In 2008, lottery giant GTECH Corporation, a division of Italian lottery conglomerate Lottomatica, completed its purchase of the former Atronic Group. Atronic was the second slot manufacturer purchased by GTECH, which had earlier purchased Canadian VLT manufacturer Spielo. This year, the integration of the two former manufacturers into Lottomatica’s slot-manufacturing division was completed with the official launch of Spielo International, a single new slot-manufacturing entity. Global Gaming Business Editor Frank Legato talked to Walter Bugno, president and CEO of the integrated slot supplier, about the strengths of the newly merged supplier. To hear a full podcast of this interview, visit www.ggbnews.com/podcasts.
GGB: Spielo and the Atronic Group were very different companies in product style and in the markets they were serving. How big a task was it to merge these into one corporate entity.
Bugno: I think the fact that Atronic concentrated primarily on the casino segment, and Spielo concentrated primarily on the distributed segment, took a lot of the walls away. So it became more about trying to find where the efficiencies were. And so I would say, no more challenging than anything similar that you’ve seen in the industry.
What do you feel were the strongest attributes of each of the former companies, and how do they survive in Spielo International?
The original Spielo had edged itself into a very strong position, in the distributed gaming space—and with it, built a strong reputation of being a reliable, innovative, integrated supplier of systems, product and content. And it was a very solid business in a market that today is growing internationally. Atronic, on the other hand, had focused primarily internationally, rather than in the United States. Of course we have a presence in the United States, but it’s not a significant presence. Our strong points are primarily Europe and Latin America. And what we’ve done is take the opportunity of consolidating and removing duplication, primarily in the areas of technology and content development, so we can reinvest to create growth opportunities in markets where we were weaker.
And you’ve just completed one more bit of integration, quite recently, in the interactive division. Please explain that.
Within Lottomatica Group, we had four divisions. Of course, the gaming division was one, but we also had an interactive business, G2, which is a business-to-business solution provider. And with the trend of convergence that’s happening now around the world between land-based and online, and the level of opportunity that the change in regulations is having on the online space, and the common outcome, it made a lot of sense for us to actually bring all the businesses together. So the new Spielo International, along with its interactive business G2, is able to offer to all of its clients an integrated solution of product technology, systems and services, whether it’s a land-based or an online environment.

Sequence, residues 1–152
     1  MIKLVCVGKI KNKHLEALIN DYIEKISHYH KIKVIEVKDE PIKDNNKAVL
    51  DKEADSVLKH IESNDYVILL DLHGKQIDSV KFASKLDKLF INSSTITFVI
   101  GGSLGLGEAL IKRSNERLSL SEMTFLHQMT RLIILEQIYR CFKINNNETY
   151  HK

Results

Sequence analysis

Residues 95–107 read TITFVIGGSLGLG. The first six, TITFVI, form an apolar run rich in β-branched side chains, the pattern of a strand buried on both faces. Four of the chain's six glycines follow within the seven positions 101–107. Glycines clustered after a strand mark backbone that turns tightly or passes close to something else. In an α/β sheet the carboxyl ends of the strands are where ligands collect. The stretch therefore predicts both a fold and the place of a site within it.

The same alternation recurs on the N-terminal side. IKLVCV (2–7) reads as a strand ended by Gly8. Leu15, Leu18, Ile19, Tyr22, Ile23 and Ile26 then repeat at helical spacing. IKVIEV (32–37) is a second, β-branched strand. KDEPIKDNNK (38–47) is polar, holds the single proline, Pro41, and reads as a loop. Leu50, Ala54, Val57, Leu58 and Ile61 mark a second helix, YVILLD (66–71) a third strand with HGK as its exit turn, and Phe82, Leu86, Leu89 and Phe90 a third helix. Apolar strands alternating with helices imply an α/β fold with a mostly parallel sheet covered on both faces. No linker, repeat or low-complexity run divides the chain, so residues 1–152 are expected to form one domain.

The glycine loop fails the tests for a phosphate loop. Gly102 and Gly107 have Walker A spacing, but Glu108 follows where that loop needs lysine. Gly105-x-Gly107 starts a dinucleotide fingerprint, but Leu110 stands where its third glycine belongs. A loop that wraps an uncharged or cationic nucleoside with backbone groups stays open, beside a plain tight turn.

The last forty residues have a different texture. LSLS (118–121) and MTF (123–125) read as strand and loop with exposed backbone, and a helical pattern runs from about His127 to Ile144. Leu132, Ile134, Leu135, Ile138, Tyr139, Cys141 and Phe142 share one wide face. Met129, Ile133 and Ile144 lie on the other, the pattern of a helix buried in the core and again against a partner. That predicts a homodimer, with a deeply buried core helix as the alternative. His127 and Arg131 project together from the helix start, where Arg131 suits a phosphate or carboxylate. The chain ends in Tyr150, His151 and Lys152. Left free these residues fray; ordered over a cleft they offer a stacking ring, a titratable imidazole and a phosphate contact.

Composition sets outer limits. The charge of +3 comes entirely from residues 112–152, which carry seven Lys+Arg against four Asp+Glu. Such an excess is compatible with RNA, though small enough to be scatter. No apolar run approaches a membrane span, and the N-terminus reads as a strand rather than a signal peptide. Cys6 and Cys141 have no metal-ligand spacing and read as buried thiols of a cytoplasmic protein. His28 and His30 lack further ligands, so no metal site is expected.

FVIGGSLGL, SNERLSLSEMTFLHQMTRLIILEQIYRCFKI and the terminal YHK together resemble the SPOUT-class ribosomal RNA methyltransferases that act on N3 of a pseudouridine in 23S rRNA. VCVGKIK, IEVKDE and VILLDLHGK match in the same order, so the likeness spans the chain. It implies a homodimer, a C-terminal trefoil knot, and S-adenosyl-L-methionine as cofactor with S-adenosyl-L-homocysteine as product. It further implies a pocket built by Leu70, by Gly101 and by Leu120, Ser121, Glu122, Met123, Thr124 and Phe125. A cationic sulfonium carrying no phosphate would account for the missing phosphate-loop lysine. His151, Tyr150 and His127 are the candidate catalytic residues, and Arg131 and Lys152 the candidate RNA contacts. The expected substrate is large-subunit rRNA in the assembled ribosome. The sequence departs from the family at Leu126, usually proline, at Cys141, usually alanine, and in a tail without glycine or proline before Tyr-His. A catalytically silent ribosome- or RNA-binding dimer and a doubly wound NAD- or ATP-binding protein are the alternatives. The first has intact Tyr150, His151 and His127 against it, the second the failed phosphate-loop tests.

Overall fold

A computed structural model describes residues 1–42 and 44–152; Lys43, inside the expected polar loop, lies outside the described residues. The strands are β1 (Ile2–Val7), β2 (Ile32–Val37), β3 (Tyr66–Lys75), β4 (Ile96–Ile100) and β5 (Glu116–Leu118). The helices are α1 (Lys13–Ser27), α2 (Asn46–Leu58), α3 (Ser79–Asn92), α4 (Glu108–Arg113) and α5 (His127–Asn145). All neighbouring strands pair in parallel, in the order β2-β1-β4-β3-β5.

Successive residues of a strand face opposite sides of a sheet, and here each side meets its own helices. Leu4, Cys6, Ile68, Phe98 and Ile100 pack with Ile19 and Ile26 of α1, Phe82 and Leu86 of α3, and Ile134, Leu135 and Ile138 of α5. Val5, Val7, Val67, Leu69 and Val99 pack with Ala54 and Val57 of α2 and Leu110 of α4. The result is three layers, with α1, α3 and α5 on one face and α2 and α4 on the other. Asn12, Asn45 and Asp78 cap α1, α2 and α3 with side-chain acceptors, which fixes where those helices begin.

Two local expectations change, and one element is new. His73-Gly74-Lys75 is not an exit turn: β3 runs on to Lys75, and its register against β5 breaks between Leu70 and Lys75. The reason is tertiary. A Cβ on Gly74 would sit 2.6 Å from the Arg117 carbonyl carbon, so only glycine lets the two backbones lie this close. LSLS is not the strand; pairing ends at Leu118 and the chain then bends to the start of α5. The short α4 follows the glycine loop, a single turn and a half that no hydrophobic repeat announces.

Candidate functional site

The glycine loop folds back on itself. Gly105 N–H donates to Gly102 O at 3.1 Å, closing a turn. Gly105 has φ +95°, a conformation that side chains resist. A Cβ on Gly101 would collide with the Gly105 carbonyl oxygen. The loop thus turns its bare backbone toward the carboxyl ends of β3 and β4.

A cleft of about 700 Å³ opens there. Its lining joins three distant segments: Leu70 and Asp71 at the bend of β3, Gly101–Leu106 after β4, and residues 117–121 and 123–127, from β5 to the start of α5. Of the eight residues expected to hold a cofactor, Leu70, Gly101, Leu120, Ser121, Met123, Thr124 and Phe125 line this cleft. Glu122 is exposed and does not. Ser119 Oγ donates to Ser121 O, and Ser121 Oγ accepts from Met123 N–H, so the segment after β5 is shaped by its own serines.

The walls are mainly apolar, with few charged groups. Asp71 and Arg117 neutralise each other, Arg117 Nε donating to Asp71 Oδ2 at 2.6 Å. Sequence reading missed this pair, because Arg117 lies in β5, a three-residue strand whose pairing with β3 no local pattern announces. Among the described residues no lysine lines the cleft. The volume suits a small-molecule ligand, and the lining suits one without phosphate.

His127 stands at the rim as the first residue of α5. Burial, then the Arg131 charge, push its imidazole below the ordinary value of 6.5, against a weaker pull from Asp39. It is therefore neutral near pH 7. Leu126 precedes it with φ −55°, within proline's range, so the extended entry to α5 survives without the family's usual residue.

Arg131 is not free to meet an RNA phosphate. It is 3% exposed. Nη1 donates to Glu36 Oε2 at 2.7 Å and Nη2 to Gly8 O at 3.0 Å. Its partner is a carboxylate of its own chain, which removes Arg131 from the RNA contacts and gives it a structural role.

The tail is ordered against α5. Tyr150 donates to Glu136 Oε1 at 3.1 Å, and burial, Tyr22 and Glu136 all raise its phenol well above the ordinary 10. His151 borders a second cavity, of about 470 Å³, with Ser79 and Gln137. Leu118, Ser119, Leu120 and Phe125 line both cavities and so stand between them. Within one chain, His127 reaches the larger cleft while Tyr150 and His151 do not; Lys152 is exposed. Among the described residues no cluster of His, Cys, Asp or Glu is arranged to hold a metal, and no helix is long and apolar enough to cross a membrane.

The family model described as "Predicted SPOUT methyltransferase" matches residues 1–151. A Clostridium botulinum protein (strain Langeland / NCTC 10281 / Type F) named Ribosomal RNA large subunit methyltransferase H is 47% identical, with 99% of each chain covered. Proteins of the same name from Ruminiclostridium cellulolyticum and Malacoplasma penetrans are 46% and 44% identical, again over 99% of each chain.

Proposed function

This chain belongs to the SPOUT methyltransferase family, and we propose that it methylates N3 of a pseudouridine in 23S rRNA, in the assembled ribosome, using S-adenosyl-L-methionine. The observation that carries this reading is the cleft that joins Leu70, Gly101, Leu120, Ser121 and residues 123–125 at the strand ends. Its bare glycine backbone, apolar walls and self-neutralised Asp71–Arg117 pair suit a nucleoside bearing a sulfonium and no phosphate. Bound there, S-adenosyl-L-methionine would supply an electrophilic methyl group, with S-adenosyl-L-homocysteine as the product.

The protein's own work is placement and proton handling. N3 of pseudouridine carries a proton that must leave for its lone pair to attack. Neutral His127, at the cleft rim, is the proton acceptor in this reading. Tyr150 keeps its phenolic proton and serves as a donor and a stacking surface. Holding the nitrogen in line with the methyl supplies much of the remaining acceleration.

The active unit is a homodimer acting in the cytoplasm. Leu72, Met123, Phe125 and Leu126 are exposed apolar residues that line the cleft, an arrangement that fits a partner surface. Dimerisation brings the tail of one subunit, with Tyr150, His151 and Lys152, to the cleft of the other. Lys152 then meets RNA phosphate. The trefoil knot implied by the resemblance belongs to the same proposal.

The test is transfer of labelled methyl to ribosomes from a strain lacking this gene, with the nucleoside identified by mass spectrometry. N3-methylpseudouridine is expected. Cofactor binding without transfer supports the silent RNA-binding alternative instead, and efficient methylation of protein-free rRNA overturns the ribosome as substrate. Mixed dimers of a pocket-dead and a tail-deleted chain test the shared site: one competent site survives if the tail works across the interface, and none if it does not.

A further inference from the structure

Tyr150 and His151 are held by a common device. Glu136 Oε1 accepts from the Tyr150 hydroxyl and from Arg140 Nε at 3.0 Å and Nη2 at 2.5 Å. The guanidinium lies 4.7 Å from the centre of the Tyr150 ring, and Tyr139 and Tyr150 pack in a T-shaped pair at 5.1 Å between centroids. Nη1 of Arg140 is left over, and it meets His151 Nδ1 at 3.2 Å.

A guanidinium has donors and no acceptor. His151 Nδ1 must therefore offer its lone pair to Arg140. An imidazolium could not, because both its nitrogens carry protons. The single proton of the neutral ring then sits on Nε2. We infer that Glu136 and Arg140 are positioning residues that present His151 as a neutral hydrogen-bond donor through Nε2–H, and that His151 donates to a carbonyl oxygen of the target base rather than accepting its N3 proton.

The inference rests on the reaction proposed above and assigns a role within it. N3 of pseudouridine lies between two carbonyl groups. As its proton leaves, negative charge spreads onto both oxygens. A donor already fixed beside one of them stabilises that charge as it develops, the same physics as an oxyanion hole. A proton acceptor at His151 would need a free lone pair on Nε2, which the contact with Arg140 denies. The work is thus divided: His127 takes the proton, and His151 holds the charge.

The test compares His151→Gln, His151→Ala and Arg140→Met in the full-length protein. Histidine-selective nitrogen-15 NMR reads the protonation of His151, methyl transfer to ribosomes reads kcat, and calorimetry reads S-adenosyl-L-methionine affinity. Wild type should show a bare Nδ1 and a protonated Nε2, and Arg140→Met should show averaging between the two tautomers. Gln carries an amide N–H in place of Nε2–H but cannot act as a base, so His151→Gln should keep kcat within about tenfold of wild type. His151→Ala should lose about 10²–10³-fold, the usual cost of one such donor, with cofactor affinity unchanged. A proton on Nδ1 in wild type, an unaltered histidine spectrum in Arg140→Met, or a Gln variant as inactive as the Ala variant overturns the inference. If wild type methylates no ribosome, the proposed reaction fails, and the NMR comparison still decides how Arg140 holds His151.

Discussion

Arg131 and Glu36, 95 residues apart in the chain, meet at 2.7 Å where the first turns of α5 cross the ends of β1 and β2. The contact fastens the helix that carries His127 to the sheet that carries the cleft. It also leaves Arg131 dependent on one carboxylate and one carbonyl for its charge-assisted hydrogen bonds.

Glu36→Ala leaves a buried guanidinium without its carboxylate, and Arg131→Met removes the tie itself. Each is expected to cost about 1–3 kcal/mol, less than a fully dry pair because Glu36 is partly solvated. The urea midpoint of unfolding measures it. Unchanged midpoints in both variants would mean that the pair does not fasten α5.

The Atronic brand has been a fixture for years on the international gaming scene. Do you plan to phase that brand out, and if so, how do you phase it out in markets such as Austria, where it’s been extremely popular?
It’s not our intention to phase out the brand from a product perspective. Let’s use an example, the Coca Cola Company, which has brands underneath like Coca Cola and Fanta and Sprite. We will do exactly the same thing. We will have a range of products, which are targeted at different markets or segments, be they geography or product type, some of which will carry the Spielo brand as a product, and some that will carry the Atronic brand. So, the real integration has happened as a trading entity. Spielo International is our umbrella corporate identity, and we will just carry different products, just like now we intend to carry an interactive product line as well.
You have merged the gaming platforms as well. What is your primary game platform going forward?
We’re still in the process of bringing everyone onto a common platform, which is actually the platform that we had operating out of the North American distributed market, as a starting point. So the Sensys EP platform will be able to customize and adapt to different segments around the world. But our idea now, having done hardware, is to move the software component to some form of commonality as well. It’s a journey; it doesn’t happen overnight. We need to do it step by step, and bring everyone onto a common set of guidelines. But we’re on our way, and we’re feeling pretty good about it.
You’ve had international hits with Sphinx and Deal or No Deal. What’s the next big hit for Spielo?
We’re not ready to show it to the market yet, in its entirety. Our view is quite simple. If we are going to make a difference in the North American commercial market, we know we can’t just bring another game. It needs to be exciting, it needs to be new, it needs to be different, if we want to move the needle. We’re keeping it under wraps at the moment, but in early 2012 we’ll start sharing that with our customers.
The big question: Do you get a sense that your customers are ready to spend some money again, finally?
The focus for us this year has not been very much on the sale of product in North America. The focus of G2E 2011 has been more on breadth of business and breadth of market globally. And it’s been quite positive. My sense is different parts of the world are responding differently. There are markets which are showing good recovery. Latin America is a great example. The Latin America business at the moment is going very, very strong. The customers are eager, they’re buying, they’re refreshing their floors. And that’s a good sign. Markets of Europe and markets of North America are a little bit more tentative. That’s what we’re seeing and experiencing.